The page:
Kierkegaard as humanist : discovering my self by Kierkegaard, Søren; Kierkegaard, Søren; Kierkegaard, Soren
By Kierkegaard, Søren; Kierkegaard, Søren; Kierkegaard, Soren Aabye; Come, Arnold Bruce; Kierkegaard, Søren
Kierkegaard as Humanist is an intensive research of Kierkegaard's techniques of self, freedom, risk, and necessity. subject matters tested contain the fundamental and carrying on with duality of the self, the method during which the self turns into self-consciousness, freedom because the dialectical stress among necessity and danger and among temporality and eternity, the indeterminate/determinate jump as freedom's shape, and love as freedom's content material. Come unearths in Kierkegaard's writings an anthropological ontology that's derived by way of a phenomenological approach and detailed from these Kierkegaardian fabrics which are in actual fact theological in a Christian feel; he concludes that Kierkegaard's anthropological ontology is self sustaining of his Christian theology
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Additional info for Kierkegaard as humanist : discovering my self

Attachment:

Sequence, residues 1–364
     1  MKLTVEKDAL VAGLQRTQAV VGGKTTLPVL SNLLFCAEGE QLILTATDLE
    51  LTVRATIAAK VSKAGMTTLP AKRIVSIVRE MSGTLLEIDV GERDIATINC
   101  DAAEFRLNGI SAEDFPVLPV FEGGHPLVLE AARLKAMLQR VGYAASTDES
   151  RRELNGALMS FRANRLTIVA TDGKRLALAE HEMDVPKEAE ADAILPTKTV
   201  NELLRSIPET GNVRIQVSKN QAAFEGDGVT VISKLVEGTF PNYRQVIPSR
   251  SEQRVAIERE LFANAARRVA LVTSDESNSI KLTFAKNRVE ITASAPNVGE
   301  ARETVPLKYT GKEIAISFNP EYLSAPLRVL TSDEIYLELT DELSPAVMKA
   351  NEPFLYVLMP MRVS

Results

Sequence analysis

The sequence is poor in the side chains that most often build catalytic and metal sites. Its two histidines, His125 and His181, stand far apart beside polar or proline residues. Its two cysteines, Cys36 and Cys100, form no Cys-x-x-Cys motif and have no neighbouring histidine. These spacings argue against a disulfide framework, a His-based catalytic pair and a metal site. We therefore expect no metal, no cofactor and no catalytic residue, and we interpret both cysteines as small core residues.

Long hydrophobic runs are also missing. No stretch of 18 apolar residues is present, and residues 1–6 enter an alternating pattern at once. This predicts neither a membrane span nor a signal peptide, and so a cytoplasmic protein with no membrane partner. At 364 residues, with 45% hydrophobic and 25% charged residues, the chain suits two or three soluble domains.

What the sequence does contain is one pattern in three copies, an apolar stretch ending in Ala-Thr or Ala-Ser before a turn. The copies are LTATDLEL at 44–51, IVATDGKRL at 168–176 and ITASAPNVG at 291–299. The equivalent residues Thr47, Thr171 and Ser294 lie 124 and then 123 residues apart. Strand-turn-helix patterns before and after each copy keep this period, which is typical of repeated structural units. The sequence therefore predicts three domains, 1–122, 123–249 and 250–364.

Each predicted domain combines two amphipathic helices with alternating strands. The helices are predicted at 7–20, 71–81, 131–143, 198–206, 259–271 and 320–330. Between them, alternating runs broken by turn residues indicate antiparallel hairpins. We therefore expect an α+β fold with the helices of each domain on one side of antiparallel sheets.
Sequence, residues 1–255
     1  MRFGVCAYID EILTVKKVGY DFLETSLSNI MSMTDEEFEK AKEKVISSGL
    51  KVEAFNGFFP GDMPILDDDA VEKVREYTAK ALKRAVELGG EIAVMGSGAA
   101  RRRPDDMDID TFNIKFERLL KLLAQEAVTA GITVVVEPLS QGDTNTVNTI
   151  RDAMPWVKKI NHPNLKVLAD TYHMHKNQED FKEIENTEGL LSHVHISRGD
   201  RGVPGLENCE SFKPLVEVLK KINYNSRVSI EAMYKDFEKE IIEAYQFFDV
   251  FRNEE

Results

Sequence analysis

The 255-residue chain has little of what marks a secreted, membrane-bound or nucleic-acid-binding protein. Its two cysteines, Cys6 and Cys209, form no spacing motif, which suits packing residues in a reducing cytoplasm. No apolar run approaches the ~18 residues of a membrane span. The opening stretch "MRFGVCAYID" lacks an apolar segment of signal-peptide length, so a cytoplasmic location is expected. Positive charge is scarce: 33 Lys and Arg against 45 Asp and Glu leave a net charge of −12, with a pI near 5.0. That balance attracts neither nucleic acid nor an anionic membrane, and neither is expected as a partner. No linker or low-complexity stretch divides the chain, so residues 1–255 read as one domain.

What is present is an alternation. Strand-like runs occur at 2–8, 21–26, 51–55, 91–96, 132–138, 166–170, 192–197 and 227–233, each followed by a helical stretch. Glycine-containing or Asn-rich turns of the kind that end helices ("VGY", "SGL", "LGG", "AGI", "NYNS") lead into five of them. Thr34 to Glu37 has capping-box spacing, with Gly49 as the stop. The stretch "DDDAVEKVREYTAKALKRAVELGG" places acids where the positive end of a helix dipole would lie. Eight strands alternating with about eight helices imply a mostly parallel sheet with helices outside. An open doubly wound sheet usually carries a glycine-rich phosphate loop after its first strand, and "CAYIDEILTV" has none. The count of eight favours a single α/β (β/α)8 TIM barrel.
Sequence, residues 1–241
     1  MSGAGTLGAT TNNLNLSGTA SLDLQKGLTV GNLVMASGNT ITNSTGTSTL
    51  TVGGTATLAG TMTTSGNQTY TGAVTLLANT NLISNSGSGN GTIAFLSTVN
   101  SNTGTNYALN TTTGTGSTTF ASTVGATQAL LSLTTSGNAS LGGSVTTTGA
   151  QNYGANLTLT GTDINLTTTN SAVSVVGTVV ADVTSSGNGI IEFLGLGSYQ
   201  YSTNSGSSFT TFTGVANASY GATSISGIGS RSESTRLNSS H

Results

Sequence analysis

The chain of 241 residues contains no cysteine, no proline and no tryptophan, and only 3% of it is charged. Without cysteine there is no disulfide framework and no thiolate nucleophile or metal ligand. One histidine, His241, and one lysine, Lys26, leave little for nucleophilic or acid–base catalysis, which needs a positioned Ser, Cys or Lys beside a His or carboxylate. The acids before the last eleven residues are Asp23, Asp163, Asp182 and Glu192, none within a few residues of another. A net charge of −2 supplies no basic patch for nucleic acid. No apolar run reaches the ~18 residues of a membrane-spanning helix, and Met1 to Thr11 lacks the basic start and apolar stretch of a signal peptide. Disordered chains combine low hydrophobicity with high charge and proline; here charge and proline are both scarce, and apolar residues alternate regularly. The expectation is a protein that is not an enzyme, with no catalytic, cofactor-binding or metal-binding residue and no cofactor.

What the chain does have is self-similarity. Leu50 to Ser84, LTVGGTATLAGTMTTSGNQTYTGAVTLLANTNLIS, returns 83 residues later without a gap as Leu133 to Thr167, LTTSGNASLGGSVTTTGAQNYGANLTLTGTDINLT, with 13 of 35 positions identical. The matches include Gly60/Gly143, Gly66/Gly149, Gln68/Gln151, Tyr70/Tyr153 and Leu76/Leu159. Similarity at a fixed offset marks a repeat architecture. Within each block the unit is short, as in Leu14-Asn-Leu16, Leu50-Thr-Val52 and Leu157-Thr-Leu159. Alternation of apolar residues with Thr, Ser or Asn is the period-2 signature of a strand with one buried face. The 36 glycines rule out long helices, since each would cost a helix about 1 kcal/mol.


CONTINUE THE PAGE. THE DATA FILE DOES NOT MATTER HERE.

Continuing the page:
14 My Self: An Overview meant by each of these and how they are related will require considerable analysis later on. " It must at least be noted here that Kierkegaard does not treat this question, in any systematic way, in Sickness. But here he gives the very concise answer drat disrelation occurs in and despair comes out of die self, the spirit, as a relation which relates to itself. That is to say, their source lies in human freedom and its responsibility. This failure of human freedom Kierkegaard has already analysed and depicted in great detail in The Concept of Anxiety.
The key statement in the above quotes is this: "Sensuousness psychically determined is not opposition [Modsatning] ... " Because there is no opposition in it, the relation between psyche and sense is a negative unity. Why "negative"? Because this immediacy blocks the emergence of consciousness of that self which is not yet, blocks the awareness of the task of becoming one's self. Here Kierkegaard typically reverses Hegelian language: any harmony or unity that involves the "mediation" and "annulment" of opposites and contradictions is "negative" because it prevents or destroys authentic human selfhood.
So Kierkegaard makes the radical assertion that each one of the dyad "constantly is its opposite" (det Ene bestandigt er sit Modsatte). The force of the "is" means: you never have the one without the other. " And the orientation of this synthesis toward selfhood is so ontologically inherent 16 The Concept of Anxiety, p. 39; (KW 8:43); sv 6:137; (4:315). 17 Sickness, pp. ; (KW 19:30); sv 15:87; (11:143). My Self: A Synthesis of Two 27 that it is irresistible and indestructible. So the unity, the self as the third, is already present but asleep or dreaming, as a potentiality.